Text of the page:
Education Center; the center was given the new name in 2007) is
also a part of Savannah-Chatham County Public Schools,and the
premier environmental education center in the southeast, serving
thousands of students from school systems throughout the region.
Located just east of Savannah on a marsh island, the Center
features a "Native Animal Nature Trail" that winds through maritime
forest, salt marsh, and freshwater wetlands. Along the way,
visitors can observe native animals such as Florida panthers,
Eastern timber wolves, alligators, and many more in their natural
Savannah/Hilton Head International
Airport is located west of Savannah off Interstate 95.
serving this airport are Delta
, Northwest Airlink
, Continental Express
, United Express
, and American
. Until September 2008, DayJet
provided on-demand air transportation service between Savannah and
cities throughout the Southeast.
Amtrak operates a passenger
terminal at Savannah for the Palmetto and Silver Service trains running between
New York City and Miami, Florida with three southbound and three northbound trains
stopping at the station daily.
Public transit throughout the region is provided by Chatham Area Transit
The DOT (Do
system provides fare free transportation in the Historic District.
Services include an express shuttle buses, the River Street Streetcar
, and a ferry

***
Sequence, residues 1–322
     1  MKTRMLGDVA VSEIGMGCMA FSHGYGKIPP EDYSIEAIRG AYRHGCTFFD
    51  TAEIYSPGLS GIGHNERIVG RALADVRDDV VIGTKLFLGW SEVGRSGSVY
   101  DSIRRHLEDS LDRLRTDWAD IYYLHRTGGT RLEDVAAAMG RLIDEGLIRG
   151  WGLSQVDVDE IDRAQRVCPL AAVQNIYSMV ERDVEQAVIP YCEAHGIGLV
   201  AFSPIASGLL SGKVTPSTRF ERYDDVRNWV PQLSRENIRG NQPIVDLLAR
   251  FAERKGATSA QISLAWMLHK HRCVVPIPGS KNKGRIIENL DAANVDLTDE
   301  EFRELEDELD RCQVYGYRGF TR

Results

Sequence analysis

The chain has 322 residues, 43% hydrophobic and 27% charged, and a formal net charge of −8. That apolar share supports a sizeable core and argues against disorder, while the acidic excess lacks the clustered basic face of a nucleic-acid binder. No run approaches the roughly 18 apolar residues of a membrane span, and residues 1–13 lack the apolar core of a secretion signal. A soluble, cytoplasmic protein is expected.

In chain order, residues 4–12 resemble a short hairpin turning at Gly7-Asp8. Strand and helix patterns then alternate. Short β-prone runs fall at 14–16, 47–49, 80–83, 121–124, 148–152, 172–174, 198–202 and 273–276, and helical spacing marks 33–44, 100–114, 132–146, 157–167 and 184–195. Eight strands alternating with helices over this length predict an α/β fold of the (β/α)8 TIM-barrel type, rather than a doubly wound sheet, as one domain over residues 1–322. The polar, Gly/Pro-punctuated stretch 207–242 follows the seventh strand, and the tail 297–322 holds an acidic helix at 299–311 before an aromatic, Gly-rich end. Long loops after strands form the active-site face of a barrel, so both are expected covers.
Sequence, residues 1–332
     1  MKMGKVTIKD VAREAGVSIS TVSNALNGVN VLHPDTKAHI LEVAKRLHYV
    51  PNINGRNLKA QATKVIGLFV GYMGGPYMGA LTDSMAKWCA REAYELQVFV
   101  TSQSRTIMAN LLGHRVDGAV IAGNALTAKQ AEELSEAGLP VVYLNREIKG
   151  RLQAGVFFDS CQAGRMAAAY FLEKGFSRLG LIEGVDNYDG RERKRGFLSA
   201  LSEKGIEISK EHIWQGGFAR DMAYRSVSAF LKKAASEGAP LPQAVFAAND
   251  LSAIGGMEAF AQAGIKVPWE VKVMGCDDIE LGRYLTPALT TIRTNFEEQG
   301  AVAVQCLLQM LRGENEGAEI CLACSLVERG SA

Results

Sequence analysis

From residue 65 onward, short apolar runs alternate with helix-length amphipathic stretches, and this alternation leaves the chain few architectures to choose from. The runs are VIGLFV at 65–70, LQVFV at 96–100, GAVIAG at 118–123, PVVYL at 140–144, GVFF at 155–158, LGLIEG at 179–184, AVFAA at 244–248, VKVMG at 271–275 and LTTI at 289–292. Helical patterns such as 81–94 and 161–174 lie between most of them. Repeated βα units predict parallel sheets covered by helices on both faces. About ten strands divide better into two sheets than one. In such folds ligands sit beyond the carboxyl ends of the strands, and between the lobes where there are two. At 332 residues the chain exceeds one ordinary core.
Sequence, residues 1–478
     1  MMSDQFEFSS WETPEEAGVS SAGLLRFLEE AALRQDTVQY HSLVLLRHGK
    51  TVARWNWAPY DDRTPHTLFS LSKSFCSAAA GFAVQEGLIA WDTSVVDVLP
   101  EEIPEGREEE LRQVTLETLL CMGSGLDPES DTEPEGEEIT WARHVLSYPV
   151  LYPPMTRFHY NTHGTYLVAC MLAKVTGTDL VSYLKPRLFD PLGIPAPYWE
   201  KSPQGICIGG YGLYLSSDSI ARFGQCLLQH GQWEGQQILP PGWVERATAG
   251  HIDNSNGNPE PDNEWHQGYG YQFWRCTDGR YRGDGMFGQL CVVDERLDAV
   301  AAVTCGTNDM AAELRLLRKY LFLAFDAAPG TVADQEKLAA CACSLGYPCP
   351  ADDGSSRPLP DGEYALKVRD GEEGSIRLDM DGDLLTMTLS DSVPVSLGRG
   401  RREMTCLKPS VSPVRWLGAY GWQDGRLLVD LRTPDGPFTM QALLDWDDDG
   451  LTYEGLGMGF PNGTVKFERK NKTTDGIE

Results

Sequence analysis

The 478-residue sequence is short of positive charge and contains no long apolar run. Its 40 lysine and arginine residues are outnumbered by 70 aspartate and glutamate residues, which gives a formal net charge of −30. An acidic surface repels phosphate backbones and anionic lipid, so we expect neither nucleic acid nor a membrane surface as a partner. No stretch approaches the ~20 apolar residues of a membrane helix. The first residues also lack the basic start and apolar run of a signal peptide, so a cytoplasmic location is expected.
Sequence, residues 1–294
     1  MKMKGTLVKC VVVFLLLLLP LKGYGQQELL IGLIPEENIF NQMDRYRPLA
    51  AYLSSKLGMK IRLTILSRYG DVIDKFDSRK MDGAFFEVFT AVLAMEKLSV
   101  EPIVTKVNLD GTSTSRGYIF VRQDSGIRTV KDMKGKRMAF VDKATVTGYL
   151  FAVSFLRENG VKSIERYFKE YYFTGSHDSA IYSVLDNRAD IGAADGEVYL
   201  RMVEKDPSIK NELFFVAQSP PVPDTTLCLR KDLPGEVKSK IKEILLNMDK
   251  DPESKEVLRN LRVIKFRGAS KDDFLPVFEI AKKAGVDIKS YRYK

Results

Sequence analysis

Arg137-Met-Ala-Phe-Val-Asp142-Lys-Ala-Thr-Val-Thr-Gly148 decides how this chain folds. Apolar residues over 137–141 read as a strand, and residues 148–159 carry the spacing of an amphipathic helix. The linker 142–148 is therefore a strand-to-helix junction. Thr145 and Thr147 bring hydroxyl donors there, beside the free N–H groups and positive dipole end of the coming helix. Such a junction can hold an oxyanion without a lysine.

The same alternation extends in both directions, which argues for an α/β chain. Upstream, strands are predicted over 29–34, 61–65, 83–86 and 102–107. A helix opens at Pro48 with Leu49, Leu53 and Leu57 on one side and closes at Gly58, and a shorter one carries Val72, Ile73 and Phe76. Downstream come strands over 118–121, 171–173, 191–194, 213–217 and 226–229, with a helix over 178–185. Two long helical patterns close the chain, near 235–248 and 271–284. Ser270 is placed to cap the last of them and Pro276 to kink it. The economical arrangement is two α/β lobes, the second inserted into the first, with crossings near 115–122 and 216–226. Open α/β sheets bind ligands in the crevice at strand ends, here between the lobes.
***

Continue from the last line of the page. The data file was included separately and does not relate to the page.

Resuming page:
to Hutchinson Island
International Trade and Convention Center
Interstates and major highways
- Interstate 95 - Runs north-south
just west of the city; provides access to Savannah/Hilton Head International
Airport, and intersects with Interstate 16 which leads into
the city's center.
- Interstate 16 - Terminates in
downtown Savannah at Liberty and Montgomery Streets, and intersects
with Interstate 95 and Interstate 516.
- Interstate 516 - An urban
perimeter highway connecting Southside Savannah, at DeRenne Avenue,
with the industrialized port area of the city to the north;
intersects with the Veterans Parkway and Interstate 16, as well.
Also known as Lynes Parkway.
- Harry S. Truman Parkway - Runs through the
eastside of town, connecting the east end of Downtown with Southside Savannah. The road has been
under construction since 1992, and is opening in phases with the
latest phase opening in 2004. The highway will eventually complete
a chain of highways that form a loop around the city that include
Interstate 516, Veterans Parkway and the Truman Parkway.
- Veterans Parkway - Links Interstate 516 and Southside/Midtown
Savannah with South Savannah, and is intended to move traffic
quicker from north-south by avoiding high-volume Abercorn
Expressway. Also known as the Southwest Bypass.
- Abercorn Expressway (S.R. 204) - An extension of Abercorn
Street that begins at 37th Street (which is its northern point) and
terminates at Rio Road and the Forest River at its southern point,
and serves as the primary traffic and commercial artery linking
downtown, midtown and southside sections of the city.
- Islands Expressway - An extension of
President Street to facilitate traffic moving between Downtown